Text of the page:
Now Christ fetches his reproof from Isaiah 29:13. Isaiah spoke it of the men of that generation to which he prophesied, yet Christ applies it to these scribes and Pharisees. Note, the reproofs of sin and sinners, which we find in scripture, were designed to reach the like persons and practices to the end of the world for they are not of private interpretation (cf. 2 Peter 1:20-21). The sinners of the latter days are prophesied of (cf. 1 Tim. 4:1; 2 Tim. 3:1; 2 Pt. 3:3). Threatenings directed against others, belong to us, if we be guilty of the same sins. Isaiah prophesied not of them only, but of all other hypocrites, against whom that word of his is still levelled, and stands in force. The prophecies of scripture are everyday in the fulfilling.
Isaiah descibes hypocrites, in two things.  In their own performances of religious worship, v. 8, when they draw nigh to God with their mouth, and honour him with their lips, their heart is far from him. Observe, They approached the ordinances of God, and drew nigh to him, and attended him in outward worship; they prayed unto him publicly, and constantly, in the streets, in the synagogues, and temple, and with much seeming devotion and sanctity. They owned him to be their creator and preserver; they made their boast of him, and of their knowledge of him, as the one only living, and true God, and as the God of Israel; they brought their sacrifices of praise and thanksgiving, even the fruit of their lips, unto him, for their many peculiar mercies, privileges, and favours, as a nation, church, and people, and with much seeming sincerity and affection.
But their heart is far from God; they had no true love to God, nor faith in him, nor fear of him; they were not at all concerned for his presence with them, or for communion with him, or for his honour and glory; their hearts were in the world, and after their covetousness; they made religion a tool to their secular purposes, supposing gain to be godliness; sought the applause of men, and contented themselves with bodily exercise; having no regard to internal religion, powerful godliness, or where their hearts were, so be it, their bodies were presented to God in public worship; and what they did it was to be seen and approved of men, not caring what the searcher of hearts knew concerning them, or what He required of them. The great thing that God looks at and requires is the heart (cf. Proverbs 23:26); if that be far from him, it is not a reasonable service and therefore not an acceptable one; it is the sacrifice of fools (cf. Ecclesiastes 5:1).
 In their prescriptions to others. This is an instance of their hypocrisy, that they teach for doctrines the commandments of men. When men’s inventions are tacked to God’s institutions, and imposed accordingly, this is hypocrisy, a mere human religion. The commandments of men are properly conversant about the things of men, but God will have His own work done by His own rules, and accepts not that which He did not Himself appoint. That only comes to Him, that comes from Him.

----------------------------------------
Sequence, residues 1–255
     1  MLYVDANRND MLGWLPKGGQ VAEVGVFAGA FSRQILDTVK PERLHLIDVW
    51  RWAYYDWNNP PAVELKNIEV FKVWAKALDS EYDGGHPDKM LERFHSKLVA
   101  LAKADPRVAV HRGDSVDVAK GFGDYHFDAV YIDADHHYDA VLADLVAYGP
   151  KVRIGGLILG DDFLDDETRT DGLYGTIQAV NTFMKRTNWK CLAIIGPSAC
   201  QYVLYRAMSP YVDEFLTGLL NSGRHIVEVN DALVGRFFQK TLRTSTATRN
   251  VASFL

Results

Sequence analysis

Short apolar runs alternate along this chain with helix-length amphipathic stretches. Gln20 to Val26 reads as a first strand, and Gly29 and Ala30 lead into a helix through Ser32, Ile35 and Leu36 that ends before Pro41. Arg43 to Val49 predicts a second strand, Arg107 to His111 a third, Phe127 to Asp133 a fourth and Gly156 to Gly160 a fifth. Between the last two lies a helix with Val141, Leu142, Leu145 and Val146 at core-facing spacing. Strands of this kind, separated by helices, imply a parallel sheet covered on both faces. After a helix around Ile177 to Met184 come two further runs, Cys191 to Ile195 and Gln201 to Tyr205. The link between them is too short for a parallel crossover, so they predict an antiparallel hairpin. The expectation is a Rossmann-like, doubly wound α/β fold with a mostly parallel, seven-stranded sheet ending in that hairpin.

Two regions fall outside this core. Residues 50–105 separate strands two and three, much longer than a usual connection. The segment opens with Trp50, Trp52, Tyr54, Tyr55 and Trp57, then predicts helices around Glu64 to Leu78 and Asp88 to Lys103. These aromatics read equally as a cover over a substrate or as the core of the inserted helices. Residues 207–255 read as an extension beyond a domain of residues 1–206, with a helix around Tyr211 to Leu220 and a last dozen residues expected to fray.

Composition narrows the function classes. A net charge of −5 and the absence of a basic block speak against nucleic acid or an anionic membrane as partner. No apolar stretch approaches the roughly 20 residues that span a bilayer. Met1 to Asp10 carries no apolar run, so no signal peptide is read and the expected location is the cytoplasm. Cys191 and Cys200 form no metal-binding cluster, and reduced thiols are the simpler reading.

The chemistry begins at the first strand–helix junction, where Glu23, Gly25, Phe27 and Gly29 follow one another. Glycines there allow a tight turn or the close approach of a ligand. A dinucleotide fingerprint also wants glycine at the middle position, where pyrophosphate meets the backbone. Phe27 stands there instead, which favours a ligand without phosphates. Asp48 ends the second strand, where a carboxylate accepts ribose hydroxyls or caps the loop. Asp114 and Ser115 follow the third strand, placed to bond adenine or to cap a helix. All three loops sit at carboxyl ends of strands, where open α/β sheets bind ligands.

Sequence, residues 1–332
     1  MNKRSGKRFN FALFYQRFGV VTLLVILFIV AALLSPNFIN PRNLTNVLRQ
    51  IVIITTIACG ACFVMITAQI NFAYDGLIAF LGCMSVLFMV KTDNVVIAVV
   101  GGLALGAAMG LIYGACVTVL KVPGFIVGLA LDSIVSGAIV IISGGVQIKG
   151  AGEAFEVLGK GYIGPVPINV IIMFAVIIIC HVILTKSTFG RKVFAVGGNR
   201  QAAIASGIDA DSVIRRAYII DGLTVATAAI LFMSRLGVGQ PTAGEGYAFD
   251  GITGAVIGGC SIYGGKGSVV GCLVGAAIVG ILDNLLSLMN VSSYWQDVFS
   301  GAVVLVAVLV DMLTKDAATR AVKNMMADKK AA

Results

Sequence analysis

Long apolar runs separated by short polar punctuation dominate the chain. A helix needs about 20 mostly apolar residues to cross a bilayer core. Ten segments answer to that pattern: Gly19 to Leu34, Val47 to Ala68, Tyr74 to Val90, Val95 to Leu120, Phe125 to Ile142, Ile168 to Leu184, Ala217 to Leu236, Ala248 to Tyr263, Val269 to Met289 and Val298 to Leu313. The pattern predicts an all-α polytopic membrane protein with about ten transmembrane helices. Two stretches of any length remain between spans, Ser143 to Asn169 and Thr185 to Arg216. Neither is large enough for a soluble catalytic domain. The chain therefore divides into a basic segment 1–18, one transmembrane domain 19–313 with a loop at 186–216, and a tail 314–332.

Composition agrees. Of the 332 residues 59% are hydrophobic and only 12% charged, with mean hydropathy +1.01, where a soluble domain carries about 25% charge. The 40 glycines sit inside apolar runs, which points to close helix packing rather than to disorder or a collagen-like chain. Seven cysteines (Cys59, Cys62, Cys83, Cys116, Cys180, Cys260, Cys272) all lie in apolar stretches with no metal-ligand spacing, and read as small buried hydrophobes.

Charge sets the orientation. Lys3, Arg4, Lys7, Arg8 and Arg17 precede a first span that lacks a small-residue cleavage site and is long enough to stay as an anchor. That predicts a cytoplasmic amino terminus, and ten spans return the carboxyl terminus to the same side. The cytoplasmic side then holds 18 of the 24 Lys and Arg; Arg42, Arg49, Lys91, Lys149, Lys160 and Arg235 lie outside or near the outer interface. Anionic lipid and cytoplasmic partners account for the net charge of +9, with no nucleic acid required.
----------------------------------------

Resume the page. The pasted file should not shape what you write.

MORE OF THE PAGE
The doom of hypocrites; it is put in a little compass; In vain do they worship me. Their worship does not attain the end for which it was appointed; it will neither please God, nor profit themselves. If it be not in spirit, it is not in truth, and so it is all nothing. That man who only seems to be religious, but is not so, his religion is vain (cf. James 1:26); and if our religion be a vain oblation, a vain religion, how great is that vanity! How sad is it to live in an age of prayers and sermons, and sabbaths and sacraments, in vain, to beat the air in all these; it is so, if the heart be not with God in them. Lip-labour is lost labour (cf. Isaiah 1:11). Hypocrites sow the wind and reap the whirlwind; they trust in vanity, and vanity will be their recompence.
I believe we are all convinced that God is more concerned about the state of our hearts than the types of prayer we say or the kinds of rituals we perform. In fact, Jesus told the crowd that only evil thoughts that come from their hearts could defile them (cf. Matthew 15:10-20; Mark 7:14-23). So long as hearts are evil, evils will proceed from them. The only physician for sin is the Lord Jesus, and His heavenly surgery lies in the renewing of the heart by grace through the Holy Spirit who works by the gospel. Let us keep to the old gospel, keep to the one remedy which has healed so many. No new theories for us, we accept the old and tried everlasting gospel of the blessed God. The truth of God will live and flourish when all the evil thoughts of men have proven their foolishness and are cast to the moles and to the bats, as images of deception, without life or power.
Let us call upon the Holy Spirit to renew our hearts with the song “By The Waking Of Our Hearts”: